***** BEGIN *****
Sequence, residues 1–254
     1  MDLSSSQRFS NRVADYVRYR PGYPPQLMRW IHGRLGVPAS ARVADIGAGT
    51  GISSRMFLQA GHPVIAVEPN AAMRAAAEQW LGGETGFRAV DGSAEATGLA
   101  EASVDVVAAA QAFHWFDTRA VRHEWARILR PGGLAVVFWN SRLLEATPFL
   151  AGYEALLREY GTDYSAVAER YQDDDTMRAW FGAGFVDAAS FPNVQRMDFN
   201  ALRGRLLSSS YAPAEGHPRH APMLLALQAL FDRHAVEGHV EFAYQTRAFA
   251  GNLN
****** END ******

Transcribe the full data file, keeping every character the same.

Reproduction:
Sequence, residues 1–254
     1  MDLSSSQRFS NRVADYVRYR PGYPPQLMRW IHGRLGVPAS ARVADIGAGT
    51  GISSRMFLQA GHPVIAVEPN AAMRAAAEQW LGGETGFRAV DGSAEATGLA
   101  EASVDVVAAA QAFHWFDTRA VRHEWARILR PGGLAVVFWN SRLLEATPFL
   151  AGYEALLREY GTDYSAVAER YQDDDTMRAW FGAGFVDAAS FPNVQRMDFN
   201  ALRGRLLSSS YAPAEGHPRH APMLLALQAL FDRHAVEGHV EFAYQTRAFA
   251  GNLN